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THE OPEN-like Westchester Country Club might offer Woods solace

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HARRISON, N.Y. (AP) _ Unable to win the real thing last week at Southern Hills, Tiger Woods looks forward to playing the U.S. Open-like course at the Westchester Country Club.

Woods has avoided the Buick Classic all but one year since turning pro because it often was played the week before the Open. Woods usually takes that week to polish his game.

``To me, this golf course with its difficulty, how they like to set it up right before the Open _ high rough, fast, hard greens _ it's great preparation,'' Woods said.

But playing it the week before the Open ``would wear me out,'' Woods said.

No major championship is at stake starting Thursday at the Buick Classic, but Woods said he has learned to get over disappointments like last week when he ended his streak of winning four major titles. Victories in regular tour events are easier to come by than in majors because of their sheer number, Woods said, but they are precious just the same.

``There's such a high when you are playing in a major championship and you got to put that aside and say, You know what?'' Woods said. ``There's just a bigger high this week because it's a whole new week. I take great pride in what I do and I am going to go out there and give it everything I have got to try and get myself in contention and hopefully to win.''

Woods has played twice before at Westchester. In 1994, as an amateur, he missed the cut. In 1997, he finished tied for 43rd.

Though short by modern-day PGA Tour standards at 6,722 yards, the Westchester Country Club is narrow and thickly wooded, with ankle-deep rough and undulating greens.

Woods said he only hit his driver four times off the tee during Wednesday's pro-am. He also used his 3-wood on several holes on which he will probably use a 2-iron during the tournament.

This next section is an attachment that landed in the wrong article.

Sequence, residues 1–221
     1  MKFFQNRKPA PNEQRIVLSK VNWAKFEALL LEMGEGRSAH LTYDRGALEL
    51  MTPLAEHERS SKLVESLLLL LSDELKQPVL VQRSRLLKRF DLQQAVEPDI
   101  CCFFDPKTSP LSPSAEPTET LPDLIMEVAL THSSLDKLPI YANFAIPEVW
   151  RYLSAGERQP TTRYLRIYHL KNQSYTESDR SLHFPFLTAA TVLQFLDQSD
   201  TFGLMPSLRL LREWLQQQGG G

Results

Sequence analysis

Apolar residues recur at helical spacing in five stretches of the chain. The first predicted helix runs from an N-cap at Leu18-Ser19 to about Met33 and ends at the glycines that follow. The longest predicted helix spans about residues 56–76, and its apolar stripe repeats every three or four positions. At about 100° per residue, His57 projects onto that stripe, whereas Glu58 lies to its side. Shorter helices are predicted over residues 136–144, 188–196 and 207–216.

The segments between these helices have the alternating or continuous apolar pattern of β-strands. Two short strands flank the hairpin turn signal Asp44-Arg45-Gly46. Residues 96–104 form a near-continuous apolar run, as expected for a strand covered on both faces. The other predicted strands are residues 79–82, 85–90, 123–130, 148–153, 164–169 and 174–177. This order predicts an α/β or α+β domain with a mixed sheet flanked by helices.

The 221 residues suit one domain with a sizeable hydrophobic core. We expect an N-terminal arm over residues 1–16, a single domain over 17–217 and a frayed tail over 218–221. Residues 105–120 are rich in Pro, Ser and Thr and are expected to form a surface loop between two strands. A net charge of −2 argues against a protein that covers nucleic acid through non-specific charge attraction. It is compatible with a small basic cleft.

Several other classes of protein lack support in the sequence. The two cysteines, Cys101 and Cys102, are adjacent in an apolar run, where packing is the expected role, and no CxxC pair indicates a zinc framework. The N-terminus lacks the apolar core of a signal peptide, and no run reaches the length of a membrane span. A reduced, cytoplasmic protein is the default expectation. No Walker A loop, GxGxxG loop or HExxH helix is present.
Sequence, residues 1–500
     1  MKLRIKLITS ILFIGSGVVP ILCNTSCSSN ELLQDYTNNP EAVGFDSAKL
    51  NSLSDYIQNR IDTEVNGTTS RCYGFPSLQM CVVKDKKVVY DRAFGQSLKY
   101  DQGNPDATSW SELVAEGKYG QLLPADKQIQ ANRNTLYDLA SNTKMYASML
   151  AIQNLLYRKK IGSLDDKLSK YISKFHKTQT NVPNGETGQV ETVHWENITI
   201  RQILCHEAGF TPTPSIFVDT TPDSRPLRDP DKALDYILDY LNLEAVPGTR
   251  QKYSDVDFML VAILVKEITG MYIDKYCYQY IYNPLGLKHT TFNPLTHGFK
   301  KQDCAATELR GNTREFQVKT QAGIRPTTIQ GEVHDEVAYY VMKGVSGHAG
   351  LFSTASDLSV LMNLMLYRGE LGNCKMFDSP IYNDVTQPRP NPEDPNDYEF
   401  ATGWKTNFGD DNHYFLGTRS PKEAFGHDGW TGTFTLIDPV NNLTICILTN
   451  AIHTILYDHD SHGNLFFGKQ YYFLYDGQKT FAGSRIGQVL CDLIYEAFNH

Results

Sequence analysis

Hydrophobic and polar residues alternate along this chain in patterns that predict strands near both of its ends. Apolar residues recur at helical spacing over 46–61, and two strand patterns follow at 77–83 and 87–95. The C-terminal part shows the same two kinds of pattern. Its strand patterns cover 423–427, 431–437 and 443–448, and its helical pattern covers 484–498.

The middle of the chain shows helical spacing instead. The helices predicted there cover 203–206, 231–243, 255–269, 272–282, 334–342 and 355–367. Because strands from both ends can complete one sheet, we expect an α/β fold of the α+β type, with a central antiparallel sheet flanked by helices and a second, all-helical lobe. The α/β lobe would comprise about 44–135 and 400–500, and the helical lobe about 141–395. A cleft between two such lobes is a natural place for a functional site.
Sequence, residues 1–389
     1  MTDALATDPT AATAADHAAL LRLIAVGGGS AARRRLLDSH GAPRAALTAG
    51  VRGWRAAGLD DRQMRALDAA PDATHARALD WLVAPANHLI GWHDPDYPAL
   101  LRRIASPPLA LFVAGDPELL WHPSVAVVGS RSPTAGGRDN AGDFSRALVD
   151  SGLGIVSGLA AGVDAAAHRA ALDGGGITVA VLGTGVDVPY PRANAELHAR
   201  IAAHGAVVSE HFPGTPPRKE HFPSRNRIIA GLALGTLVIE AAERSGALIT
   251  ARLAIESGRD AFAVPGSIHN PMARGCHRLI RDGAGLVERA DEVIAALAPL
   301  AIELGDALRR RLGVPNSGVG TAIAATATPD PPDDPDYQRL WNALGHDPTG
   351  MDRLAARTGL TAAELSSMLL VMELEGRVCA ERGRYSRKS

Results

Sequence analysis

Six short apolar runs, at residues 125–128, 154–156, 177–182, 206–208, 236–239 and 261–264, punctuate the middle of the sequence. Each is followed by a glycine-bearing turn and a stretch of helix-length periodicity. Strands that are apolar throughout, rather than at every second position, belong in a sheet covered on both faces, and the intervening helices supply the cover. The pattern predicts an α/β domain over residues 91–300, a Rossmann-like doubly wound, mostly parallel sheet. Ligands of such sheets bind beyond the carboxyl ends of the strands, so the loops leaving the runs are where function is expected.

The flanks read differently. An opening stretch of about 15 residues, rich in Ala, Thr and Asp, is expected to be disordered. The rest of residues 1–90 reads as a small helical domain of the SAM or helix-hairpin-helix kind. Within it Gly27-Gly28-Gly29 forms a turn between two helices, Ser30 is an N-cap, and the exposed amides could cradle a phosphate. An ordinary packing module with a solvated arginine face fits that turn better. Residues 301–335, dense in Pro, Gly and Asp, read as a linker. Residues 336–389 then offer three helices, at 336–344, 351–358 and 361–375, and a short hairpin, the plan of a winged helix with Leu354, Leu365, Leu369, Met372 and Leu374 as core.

``I played a little more aggressive off the tees just to see where it would end up,'' Woods said after a casual practice round of 2-under 69.

The 2000 Buick Classic champion, Dennis Paulson, said most of the best players are in the field the week after the Open because they like the Westchester Country Club.

``Everybody wants to play a U.S. Open course going into the U.S. Open, but no one wants to go get beat up two weeks in a row, especially the week after the U.S. Open,'' Paulson said.

The strength of the field is a ``testament to the golf course,'' Paulson said.

Woods on Wednesday laughed off a question that an Achilles' tendon problem accounted for 12th-place tie at the U.S. Open at Southern Hills Country Club in Tulsa, Okla. That broke a streak of four major championships won by Woods, starting with the 2000 U.S. Open.

``Only thing injured is my pride,'' Woods said.

He showed no signs of favoring either leg as he played in Wednesday's pro-am in a group that included Andrew Giuliani, the 15-year-old son of New York City Mayor Rudolph Giuliani.

The elder Giuliani asked at the last minute to insert his son in his place because the mayor has a sore foot.

Andrew Giuliani was credited with an 85.

Divots: Nine of the last 16 Buick Classics have gone to playoffs, including the last three. ... Woods said he agreed that Stewart Cink did the right thing at last week's Open by putting out on the 72nd hole, though Cink missed from 18 inches and could have been in a playoff for the title won by Retief Goosen. Woods said, however, he would have marked his ball and checked the lie for a spike mark or other imperfection. ``Retief was 12 feet from the hole with a chance to 2-putt for the U.S. Open. Give him the stage,'' Woods said.
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